MP urges council to change mind on library

Mohammed Kallon demonstrates the Prodigy for Kate Hoey
Mohammed Kallon demonstrates the Prodigi for Kate Hoey

Lambeth MP Kate Hoey has said that “even at this late stage” the council should change its priorities on the future of Tate South Lambeth Library (TSL).

The library is one of three in the borough that will be turned into gyms run by the council’s leisure provider GLL in plans to save money because of cuts in ventral government grants.

But it is also the leading library in the whole of the UK in the use of digital technology to help people with sight problems and will lose a new cutting-edge aid if the gym plan goes ahead.

The MP for Vauxhall said: “The choice of this library to be turned into a gym was purely on the basis of what the gym operators felt would be best for them – completely ignoring that this library has recognition all over the UK for the work it is doing for accessibility for everybody.

“To lose all this would be absolutely dreadful and there is no need for it. Lambeth could decide its priorities differently and I hope it will do that, even at this late stage.”

Kate Hoey was presenting a ground-breaking new Prodigi reading machine to the library. But it will be taken back by the anonymous benefactor providing it if the gym plan goes ahead.

She said: “Iʼm so impressed with the wonderful machinery thatʼs in this library to help people. The Prodigi is going to give a huge amount of pleasure.

“What a good idea for the benefactor to say to Lambeth: ‘Weʼre giving this – but youʼre not keeping it if you donʼt show that you value what is happening hereʼ.”

Kate Hoey at the launch with (l to r) Winsome Ennis (and Sunshine), Edward Martin, Jessica Lough, Mohammed Kallon, Clemont Moore, Patrick Roberts (and Rufus), Joan Hunt
Kate Hoey at the launch with Winsome Ennis (and Sunshine), Edward Martin, Jessica Lough, Mohammed Kallon, Clemont Moore, Patrick Roberts (and Rufus) and Joan Hunt

The new-version Prodigi is a video magnifier that gives immediate access to all printed material. Books, documents and magazines are magnified onto a screen or read aloud. It is the first of its kind in the UK.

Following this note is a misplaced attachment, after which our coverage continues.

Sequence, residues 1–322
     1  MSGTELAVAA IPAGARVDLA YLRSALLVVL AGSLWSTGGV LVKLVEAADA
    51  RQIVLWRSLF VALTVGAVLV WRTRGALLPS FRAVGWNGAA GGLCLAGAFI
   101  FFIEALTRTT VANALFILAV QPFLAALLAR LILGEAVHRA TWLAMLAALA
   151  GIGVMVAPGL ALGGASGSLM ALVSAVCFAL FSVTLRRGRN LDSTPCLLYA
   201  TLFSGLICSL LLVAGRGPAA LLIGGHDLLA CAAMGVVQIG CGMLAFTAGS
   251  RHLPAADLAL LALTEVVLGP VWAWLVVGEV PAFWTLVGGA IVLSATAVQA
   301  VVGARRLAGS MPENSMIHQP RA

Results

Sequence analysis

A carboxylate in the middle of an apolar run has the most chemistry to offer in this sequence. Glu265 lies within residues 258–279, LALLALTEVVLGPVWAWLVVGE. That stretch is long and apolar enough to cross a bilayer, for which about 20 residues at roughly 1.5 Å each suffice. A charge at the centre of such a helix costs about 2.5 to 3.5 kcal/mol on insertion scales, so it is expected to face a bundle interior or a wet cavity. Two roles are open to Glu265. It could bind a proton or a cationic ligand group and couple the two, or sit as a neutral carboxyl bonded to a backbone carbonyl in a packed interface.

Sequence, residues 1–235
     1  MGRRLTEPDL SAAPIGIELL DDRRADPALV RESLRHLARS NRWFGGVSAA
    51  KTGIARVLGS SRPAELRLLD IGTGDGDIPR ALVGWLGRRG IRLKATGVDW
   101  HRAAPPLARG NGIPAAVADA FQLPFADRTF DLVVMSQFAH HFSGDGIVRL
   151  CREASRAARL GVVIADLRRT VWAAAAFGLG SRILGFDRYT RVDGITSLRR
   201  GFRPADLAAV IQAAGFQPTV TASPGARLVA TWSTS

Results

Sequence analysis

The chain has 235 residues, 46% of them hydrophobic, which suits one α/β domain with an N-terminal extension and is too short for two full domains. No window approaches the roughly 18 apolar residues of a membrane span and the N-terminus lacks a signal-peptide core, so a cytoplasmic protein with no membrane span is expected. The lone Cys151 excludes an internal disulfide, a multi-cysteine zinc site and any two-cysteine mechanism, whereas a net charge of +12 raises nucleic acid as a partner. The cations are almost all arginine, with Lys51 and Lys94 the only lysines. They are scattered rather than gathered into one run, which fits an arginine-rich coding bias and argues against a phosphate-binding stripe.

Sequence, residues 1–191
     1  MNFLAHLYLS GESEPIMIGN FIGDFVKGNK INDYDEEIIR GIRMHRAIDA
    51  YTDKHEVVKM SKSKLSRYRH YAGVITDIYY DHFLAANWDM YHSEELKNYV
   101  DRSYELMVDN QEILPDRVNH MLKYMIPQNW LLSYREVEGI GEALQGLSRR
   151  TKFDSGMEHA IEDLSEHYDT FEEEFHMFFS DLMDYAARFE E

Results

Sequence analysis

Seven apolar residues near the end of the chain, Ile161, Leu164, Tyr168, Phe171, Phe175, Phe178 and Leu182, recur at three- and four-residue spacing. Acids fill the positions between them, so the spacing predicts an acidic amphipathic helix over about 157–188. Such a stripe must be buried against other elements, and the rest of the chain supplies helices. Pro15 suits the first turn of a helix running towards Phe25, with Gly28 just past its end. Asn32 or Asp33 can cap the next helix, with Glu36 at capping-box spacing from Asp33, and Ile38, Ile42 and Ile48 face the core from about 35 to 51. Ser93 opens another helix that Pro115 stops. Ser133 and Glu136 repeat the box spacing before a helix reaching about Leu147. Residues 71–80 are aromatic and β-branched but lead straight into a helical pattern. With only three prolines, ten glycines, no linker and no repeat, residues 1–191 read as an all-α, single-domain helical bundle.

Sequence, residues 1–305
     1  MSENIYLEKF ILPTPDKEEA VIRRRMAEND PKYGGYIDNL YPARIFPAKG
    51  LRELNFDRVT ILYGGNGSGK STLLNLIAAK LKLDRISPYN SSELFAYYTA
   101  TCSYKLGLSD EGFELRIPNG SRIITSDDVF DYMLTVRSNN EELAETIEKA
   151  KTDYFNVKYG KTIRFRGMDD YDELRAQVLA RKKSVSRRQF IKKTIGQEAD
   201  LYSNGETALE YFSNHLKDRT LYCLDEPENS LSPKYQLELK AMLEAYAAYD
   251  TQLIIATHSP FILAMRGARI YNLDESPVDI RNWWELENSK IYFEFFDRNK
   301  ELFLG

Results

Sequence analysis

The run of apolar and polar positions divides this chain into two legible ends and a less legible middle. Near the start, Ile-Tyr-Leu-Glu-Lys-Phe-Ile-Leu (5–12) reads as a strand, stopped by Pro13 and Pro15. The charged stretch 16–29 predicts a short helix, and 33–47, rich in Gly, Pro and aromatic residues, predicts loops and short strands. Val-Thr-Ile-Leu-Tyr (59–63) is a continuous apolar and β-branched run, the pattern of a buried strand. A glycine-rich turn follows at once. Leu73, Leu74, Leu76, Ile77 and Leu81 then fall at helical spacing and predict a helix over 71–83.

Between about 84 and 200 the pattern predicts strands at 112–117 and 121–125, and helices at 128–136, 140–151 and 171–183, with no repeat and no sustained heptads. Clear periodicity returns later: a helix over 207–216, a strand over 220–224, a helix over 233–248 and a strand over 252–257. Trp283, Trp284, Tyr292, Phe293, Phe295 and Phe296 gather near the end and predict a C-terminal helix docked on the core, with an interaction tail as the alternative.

It will be operated by Libraries for Everyone – a model for public libraries developed by Lambeth libraries and a community interest company, Vauxhall CIC, that is based on all library material being available to anyone – whatever their capability.

Kate Hoey was speaking at DTVIP (Digital Tuesdays for Visually Impaired People) – a free weekly session at TSL run by VCIC and library staff that trains people to use digital technology.

The anonymous benefactor said: “The work at Tate South Lambeth transforms the lives of some of the most isolated and disadvantaged people – those who can’t read, write or use the internet because of visual impairment or dyslexia. Libraries for Everyone/DTVIP makes access to books, computers and online information available to all. We are delighted to provide the Prodigi for this wonderful project.”

Christina Burnett of Vauxhall CIC, which set up Libraries for Everyone/DTVIP with Lambeth Libraries and Archives, said: “We’re thrilled to have the latest Prodigi machine to help people overcome the barriers to employment, information and internet access caused by visual impairment or dyslexia.

“This machine will restore independence and productivity to many who are currently excluded from the vital resources in public libraries.

Clinton Clarke shows Kate Hoey MP the computer programmes which enable blind people to use the internet
Clinton Clarke shows Kate Hoey the computer programmes that enable blind people to use the internet